How do I survive?  I hide.  At meetings I don’t bring up exactly what I do. When questions about kids are brought up I play a role that keeps my passions hidden.  I never answer or speak up with what I believe…I hide.  I can’t be me outside of my four walls…they keep me safe…they keep us safe.  I have forgotten what I am hiding from…who I am hiding from. I don’t have to hide from the kids.  The kids get me.  I get them.  Does the teaching profession get me?  Do I get them?  The kids and I connect with an open honesty.  They tell me like it is…and I tell them.  I rock…we rock in the classroom.  We stand tall, we smile, we laugh, we cry. We get excited, we dream big, we are unstoppable.  We are not rigorous, we are not standardized, we are individuals who collectively do things that were previously thought to be impossible.  The other day we were talking about rebels.  Talked about the characteristics of rebels and how it was funny that the list on the board were all qualities that the world tells children not to have.  They discussed that our entire history book was full of rebels.  Almost all positive change comes from rebels.  I asked, “Who in the world would want to have a group of kids with these qualities in their classroom?”  They answered, “You would Mr. Bogush.”  I am developing rebels, but I am afraid to join the rebellion.
I am not proud of what I have become.  I get kids to see themselves for who they really are.  I only hope that I can wipe off years of systematic abuse in a single grade.  Kids write to me at the end of the year with words such as “I now know who I am.”  “I now know what kind of person I want to be.”  Why do I still not know that about myself?  I feel destined to hide outside of my heart.  I am passionate, but do not follow my passions.  A leader who does not lead.  A teacher, who cannot teach himself.  Seemingly fearless in taking risks, but full of fear when in a situation in which those risks might be shared.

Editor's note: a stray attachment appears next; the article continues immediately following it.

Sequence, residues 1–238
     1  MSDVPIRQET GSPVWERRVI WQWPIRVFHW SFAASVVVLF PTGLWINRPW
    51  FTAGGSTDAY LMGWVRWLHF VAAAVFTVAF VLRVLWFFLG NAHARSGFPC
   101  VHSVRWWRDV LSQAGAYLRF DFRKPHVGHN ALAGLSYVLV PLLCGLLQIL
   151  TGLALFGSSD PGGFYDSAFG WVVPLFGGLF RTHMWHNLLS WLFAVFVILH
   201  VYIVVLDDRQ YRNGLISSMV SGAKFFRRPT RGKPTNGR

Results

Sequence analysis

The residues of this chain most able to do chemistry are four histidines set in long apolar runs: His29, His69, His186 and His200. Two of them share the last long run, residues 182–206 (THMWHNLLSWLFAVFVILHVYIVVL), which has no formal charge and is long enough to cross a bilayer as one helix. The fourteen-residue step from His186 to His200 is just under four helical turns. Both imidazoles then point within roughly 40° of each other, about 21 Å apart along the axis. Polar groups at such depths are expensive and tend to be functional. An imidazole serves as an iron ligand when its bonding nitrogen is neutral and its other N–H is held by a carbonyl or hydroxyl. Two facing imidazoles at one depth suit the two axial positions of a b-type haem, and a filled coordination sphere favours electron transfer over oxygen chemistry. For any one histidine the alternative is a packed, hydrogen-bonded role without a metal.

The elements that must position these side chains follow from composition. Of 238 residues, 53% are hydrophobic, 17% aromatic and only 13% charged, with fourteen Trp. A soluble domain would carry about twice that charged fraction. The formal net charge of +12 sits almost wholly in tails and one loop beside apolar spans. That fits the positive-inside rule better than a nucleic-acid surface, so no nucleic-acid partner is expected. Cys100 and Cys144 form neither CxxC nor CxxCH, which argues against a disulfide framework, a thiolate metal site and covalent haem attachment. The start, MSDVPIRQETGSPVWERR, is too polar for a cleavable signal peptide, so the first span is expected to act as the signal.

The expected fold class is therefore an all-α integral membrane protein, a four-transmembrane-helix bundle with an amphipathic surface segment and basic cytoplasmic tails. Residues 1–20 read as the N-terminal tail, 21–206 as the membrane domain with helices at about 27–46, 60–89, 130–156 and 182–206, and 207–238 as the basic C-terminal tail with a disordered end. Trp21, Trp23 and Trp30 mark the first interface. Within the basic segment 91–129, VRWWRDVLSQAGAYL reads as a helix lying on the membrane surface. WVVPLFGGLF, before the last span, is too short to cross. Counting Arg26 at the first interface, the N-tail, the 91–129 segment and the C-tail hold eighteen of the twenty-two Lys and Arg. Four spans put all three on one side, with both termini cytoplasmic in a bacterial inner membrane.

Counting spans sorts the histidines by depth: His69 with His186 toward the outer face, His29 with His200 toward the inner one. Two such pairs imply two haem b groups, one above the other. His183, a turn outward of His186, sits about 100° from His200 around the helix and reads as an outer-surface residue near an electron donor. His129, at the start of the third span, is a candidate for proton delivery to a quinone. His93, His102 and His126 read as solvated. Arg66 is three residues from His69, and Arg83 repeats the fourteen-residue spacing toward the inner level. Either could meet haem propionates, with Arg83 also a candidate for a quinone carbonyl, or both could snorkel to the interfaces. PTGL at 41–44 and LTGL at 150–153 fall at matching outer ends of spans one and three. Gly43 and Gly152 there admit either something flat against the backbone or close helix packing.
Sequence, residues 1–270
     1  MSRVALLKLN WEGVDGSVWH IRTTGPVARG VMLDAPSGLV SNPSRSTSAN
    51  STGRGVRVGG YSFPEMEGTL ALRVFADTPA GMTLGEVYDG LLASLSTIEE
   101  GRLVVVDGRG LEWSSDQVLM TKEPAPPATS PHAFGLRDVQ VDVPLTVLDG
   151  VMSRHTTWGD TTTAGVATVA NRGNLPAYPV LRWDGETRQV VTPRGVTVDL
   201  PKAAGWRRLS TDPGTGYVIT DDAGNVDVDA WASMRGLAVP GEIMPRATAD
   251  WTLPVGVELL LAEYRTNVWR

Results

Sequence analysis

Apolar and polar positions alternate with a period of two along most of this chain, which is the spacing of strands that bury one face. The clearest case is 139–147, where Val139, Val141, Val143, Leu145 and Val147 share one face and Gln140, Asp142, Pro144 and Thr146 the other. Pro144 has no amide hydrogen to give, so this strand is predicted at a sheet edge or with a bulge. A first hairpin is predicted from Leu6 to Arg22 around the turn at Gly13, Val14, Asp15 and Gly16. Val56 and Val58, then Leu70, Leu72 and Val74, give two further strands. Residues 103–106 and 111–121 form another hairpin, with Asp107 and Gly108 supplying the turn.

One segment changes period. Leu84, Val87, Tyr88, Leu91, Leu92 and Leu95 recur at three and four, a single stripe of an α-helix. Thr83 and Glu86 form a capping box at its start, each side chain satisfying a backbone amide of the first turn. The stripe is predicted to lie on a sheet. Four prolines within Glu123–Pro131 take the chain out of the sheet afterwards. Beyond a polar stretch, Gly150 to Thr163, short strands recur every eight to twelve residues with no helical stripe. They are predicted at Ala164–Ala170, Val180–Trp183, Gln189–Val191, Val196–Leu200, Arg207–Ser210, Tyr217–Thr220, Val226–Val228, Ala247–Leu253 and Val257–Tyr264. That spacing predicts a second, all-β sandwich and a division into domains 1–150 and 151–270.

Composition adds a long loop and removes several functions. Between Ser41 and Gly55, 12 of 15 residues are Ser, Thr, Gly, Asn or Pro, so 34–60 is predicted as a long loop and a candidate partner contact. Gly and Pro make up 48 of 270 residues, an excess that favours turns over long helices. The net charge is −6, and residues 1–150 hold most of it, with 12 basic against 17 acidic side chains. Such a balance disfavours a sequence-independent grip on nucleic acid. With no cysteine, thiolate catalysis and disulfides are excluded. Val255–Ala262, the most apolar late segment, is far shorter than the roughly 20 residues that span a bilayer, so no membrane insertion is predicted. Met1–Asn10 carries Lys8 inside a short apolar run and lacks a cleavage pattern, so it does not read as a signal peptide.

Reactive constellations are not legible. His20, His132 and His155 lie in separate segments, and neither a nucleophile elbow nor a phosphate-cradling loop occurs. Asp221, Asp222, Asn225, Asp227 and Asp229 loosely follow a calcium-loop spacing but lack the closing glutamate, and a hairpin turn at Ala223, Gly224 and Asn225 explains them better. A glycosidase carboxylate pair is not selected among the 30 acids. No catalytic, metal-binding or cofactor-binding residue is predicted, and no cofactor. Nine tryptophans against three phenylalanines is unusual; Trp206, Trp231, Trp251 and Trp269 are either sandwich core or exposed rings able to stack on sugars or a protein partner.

After 20 years of teaching I have never had a belly so full, and a heart so empty.
MLK once said “Faith is taking the first step even when you don’t see the whole staircase.”  Tomorrow I take the first step in re-framing my work.  I have allowed myself to be pushed into a corner, made to feel like an outsider.  No one made me feel this way.  No one has that power…I accepted…I imposed all sorts of labels upon myself.  I walked into the corner myself…now it is time to walk out.

That post received a lot of attention…realize that for me just a few comments and re-tweets is a lot of attention!  But it also prompted many emails to me.  A lot of people felt just like I did…do(?).  I continued to write without censorship and just nailing that publish button.  And more emails and comments kept coming.  I realized that it was not until I felt naked as a writer that I felt like I was actually making a difference and connecting with people…and I also found that to be true in the classroom.  

So  how do I balance the need to protect my “internalness” with sharing your thoughts with this abyss of strangers?